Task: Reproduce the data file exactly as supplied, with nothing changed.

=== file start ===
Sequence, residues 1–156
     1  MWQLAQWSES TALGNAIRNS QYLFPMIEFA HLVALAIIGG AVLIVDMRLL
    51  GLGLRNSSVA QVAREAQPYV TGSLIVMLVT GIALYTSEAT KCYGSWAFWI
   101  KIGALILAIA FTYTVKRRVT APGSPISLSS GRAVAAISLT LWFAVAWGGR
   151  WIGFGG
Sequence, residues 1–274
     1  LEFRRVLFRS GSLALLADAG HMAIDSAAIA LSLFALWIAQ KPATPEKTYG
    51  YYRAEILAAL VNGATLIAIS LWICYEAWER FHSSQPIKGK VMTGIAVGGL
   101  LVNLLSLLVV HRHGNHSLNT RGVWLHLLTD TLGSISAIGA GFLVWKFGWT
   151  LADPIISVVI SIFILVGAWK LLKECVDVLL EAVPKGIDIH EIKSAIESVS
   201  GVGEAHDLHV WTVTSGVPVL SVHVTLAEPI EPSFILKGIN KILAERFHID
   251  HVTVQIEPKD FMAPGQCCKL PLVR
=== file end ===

Sequence, residues 1–156
     1  MWQLAQWSES TALGNAIRNS QYLFPMIEFA HLVALAIIGG AVLIVDMRLL
    51  GLGLRNSSVA QVAREAQPYV TGSLIVMLVT GIALYTSEAT KCYGSWAFWI
   101  KIGALILAIA FTYTVKRRVT APGSPISLSS GRAVAAISLT LWFAVAWGGR
   151  WIGFGG
Sequence, residues 1–274
     1  LEFRRVLFRS GSLALLADAG HMAIDSAAIA LSLFALWIAQ KPATPEKTYG
    51  YYRAEILAAL VNGATLIAIS LWICYEAWER FHSSQPIKGK VMTGIAVGGL
   101  LVNLLSLLVV HRHGNHSLNT RGVWLHLLTD TLGSISAIGA GFLVWKFGWT
   151  LADPIISVVI SIFILVGAWK LLKECVDVLL EAVPKGIDIH EIKSAIESVS
   201  GVGEAHDLHV WTVTSGVPVL SVHVTLAEPI EPSFILKGIN KILAERFHID
   251  HVTVQIEPKD FMAPGQCCKL PLVR